NORTH MYRTLE BEACH — With less than a month before 60 women’s collegiate softball teams arrive in North Myrtle Beach for the inaugural event in the city’s new Park and Sports Complex, crews are concentrated around the six ballfields to have them game ready in time for the March 3 opening of the Fastpitch Dreams Spring Classic.
The event will bring about 2,500 ball players and coaches and perhaps as many family members onto the 160-acre complex tucked in one-quarter of the intersection of Robert Edge Parkway and S.C. 31.
Each of the attendees, whether players or watchers, will be in town five or six nights and will be an immediate picture of a part of the complex’s potential.
And while the money they will spend on rooms, meals and other things are crucial to the success of the more than $15 million the city has spent to develop the complex, the real impact will go well beyond.
For one thing, said John Bullard, the city’s parks and recreation director, the presence of the six ballfields and eight soccer/lacrosse fields will give North Myrtle Beach youngsters a greatly expanded chance to play in the city’s sports leagues, and residents of the city and elsewhere a place to go for a picnic, to fish or to listen to an outdoor concert, among other things.
Bullard said he told City Council members that they could expect 45 events to book space at the complex during its first year of operation. But thanks in large part to the work of Matt Gibbons, the city’s new sports tourism director, there is a nearly full slate of 69 events for 2014 and some of them already want to reserve space for a return visit in 2015.
“We know if we can bring people here for the first time and they have a good experience,” Bullard said, “they’ll come back for sports.”
But it’s also likely that they’ll come back at other times as well, and even that some will become permanent residents.
It’s hard to appreciate the expanse or diversity of the complex even driving along S.C. 31, which likely allows the best road view. The short side of it is along Robert Edge Parkway, and even that is set back from the road.
And an internal driving tour of the park makes it seem deceptively small from the combination of the site plan and areas left in a natural forest state that keeps the expansive meadow area visually separate from the soccer fields, which are visually separate from the pond, which is visually separate from the ballfields.
Picnic areas, bathrooms and concession stands are scattered throughout the complex and those clustered in the center of the ballfields gives the area the feeling of a small town park as much as a sports complex.
Gibbons said the city initially marketed the complex by attending trade shows of event organizers where those with goods to sell got to meet a lot of potential buyers in a series of brief meetings in which longer meetings were arranged among interested parties.
“You can meet with 30, 40, 50 people in a day,” Gibbons said.
“It’s sort of like speed dating,” Bullard described the process.
The city sent information packets to a number of prospects, and Gibbons said he finally realized how much interest there was when the first deadline to reserve space hit in May 2013.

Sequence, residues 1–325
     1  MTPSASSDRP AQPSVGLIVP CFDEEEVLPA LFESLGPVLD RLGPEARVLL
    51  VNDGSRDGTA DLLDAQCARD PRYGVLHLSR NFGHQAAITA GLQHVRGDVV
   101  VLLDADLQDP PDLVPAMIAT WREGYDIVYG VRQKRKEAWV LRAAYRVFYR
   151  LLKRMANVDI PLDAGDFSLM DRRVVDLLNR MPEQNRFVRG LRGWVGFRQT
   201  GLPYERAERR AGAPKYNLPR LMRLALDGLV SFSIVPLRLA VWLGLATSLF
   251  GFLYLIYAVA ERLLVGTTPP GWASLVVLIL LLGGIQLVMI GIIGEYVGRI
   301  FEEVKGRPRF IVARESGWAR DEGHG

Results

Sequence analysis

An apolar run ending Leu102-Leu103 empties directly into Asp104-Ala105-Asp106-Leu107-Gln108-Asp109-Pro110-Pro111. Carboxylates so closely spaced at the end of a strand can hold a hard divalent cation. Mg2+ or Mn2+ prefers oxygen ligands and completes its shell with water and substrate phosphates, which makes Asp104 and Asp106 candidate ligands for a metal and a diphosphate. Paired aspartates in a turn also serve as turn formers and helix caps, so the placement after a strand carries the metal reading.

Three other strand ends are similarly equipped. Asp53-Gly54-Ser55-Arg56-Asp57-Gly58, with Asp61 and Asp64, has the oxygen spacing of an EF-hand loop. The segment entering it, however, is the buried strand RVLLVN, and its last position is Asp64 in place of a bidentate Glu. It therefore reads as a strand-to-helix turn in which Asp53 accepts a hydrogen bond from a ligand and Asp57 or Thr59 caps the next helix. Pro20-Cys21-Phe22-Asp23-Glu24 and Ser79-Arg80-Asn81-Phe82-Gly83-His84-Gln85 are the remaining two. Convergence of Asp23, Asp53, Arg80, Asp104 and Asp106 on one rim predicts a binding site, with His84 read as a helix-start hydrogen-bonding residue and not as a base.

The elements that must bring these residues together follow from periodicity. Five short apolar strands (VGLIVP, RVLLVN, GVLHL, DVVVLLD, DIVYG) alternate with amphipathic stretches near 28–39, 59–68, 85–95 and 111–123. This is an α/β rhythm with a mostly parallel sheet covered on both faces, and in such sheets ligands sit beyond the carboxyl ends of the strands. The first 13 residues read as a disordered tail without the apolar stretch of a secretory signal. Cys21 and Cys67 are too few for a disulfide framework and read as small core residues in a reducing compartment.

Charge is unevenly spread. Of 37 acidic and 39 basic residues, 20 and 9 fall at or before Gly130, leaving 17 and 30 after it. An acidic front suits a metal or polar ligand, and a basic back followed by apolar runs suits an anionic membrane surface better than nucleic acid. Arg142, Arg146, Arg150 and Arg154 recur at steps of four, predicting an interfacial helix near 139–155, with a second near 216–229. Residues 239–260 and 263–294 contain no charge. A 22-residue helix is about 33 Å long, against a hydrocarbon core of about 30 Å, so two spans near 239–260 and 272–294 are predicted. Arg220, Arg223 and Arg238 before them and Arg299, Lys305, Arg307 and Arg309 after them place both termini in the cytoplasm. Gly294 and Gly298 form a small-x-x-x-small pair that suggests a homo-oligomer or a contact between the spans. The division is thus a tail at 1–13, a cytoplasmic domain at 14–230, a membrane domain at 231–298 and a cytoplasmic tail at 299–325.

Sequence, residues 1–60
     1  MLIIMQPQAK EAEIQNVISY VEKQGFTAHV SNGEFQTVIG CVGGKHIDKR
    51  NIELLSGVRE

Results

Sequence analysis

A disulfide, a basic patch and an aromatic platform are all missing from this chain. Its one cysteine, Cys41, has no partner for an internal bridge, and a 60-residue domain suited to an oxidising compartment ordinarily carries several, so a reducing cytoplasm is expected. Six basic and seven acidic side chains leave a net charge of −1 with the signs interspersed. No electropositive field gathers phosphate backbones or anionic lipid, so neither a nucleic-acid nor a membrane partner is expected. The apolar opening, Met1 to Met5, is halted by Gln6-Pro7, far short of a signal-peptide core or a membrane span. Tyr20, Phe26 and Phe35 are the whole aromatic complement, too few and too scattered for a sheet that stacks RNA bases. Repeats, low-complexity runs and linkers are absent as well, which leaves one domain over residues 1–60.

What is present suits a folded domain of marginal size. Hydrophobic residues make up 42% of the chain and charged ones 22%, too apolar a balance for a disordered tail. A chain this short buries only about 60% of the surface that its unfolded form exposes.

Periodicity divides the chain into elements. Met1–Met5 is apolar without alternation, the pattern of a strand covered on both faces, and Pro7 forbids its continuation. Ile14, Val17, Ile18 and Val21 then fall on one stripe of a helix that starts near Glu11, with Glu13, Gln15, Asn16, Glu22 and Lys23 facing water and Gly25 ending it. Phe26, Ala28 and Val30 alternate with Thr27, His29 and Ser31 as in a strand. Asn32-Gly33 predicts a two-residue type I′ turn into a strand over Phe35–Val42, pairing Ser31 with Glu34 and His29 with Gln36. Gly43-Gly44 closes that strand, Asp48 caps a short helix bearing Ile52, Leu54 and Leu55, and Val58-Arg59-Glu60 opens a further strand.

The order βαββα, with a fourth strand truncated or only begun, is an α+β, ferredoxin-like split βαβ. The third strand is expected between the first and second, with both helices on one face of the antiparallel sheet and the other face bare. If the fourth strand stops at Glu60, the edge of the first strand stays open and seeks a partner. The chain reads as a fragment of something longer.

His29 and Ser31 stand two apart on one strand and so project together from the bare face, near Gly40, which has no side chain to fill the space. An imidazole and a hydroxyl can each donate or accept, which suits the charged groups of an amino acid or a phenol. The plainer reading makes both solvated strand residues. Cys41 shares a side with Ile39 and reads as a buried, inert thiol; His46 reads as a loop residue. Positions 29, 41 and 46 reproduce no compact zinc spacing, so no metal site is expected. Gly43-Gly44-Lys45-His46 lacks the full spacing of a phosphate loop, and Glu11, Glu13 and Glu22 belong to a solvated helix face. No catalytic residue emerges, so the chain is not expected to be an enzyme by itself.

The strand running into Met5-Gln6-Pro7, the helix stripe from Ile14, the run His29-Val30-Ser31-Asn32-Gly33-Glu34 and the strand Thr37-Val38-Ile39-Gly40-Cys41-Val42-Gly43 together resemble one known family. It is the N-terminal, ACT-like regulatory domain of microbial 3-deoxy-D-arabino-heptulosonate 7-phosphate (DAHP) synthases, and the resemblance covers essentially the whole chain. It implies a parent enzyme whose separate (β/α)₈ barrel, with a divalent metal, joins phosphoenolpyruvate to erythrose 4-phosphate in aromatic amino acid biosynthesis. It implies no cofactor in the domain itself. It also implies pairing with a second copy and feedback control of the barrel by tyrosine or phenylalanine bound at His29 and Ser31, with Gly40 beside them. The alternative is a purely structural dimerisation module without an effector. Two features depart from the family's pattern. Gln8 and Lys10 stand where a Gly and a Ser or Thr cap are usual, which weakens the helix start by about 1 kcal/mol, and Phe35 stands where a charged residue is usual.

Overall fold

Bullard said the city wants to make the process as effortless as possible for event organizers, so those who reserve space at the complex are introduced to the sports tourism director at the North Myrtle Beach Chamber of Commerce to secure local lodging and help them in other ways. Events are required to use local rooms, unless the event is being held in conjunction with Myrtle Beach, for instance. There are no lodging requirements for them.
The complex will be the stage for one international event in its inaugural year – the World Cup for the International Quidditch Association – which will bring people from Australia and Wales.
There are also several dates reserved for the World Futbol Tour as well as five days for the Dixie Softball World Series.
But officials are very mindful that the complex is a city facility and it is city tax money that has made it possible. The city issued $15 million in general obligation bonds to buy the land and help pay for construction of the complex, and raised the property tax rate by six mills for eight years to generate revenue to pay for it.
Field dates for North Myrtle Beach recreation league teams are put on the calendar before any outside events are scheduled. The lake will have land borne cables for water skiing and jet pac rides. Outdoor concerts that are free to the public are being scheduled in the 2,000-seat amphitheater. There will be interpretive trails through a 12-acre Carolina Bay on the site and around the lake. A multipurpose trail already goes from the park to Robert Edge Parkway and the hope is that it may one day go all the way into the main part of town.
And there are two dog parks, one for large dogs and one for small dogs – the first dog parks in the city.
Bullard said that city-owned sporting facilities don’t normally pay for themselves, but the park and sports complex isn’t a normal kind of city park. The hope is that it will be self-supporting.
The city will operate all the park’s concession stands where a high return could be expected from the sale of soft drinks, chips, burgers, hot dogs and other things. Additionally, Bullard said that once the facility is operational, the city will try to market it for weddings, family reunions and other events that draw mainly a local crowd.
But the heavy hitters, events such as the fastpitch tournament, are where the big money will be.
Organizers will pay, for instance, $120 per hour for each of the eight soccer/lacrosse fields.
“That adds up,” Bullard said.
Contact STEVE JONES at 444-1765.